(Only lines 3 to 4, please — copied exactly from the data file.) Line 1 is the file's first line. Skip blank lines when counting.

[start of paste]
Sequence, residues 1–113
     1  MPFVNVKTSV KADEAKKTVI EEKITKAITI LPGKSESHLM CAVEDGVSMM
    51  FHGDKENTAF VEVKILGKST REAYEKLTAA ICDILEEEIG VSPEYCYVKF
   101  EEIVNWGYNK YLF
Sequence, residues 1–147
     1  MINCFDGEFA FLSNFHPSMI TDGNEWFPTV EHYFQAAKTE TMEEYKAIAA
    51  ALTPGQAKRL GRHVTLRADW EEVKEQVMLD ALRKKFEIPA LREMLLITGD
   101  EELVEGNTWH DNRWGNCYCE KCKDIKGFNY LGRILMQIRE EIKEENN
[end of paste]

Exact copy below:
    51  FHGDKENTAF VEVKILGKST REAYEKLTAA ICDILEEEIG VSPEYCYVKF
   101  EEIVNWGYNK YLF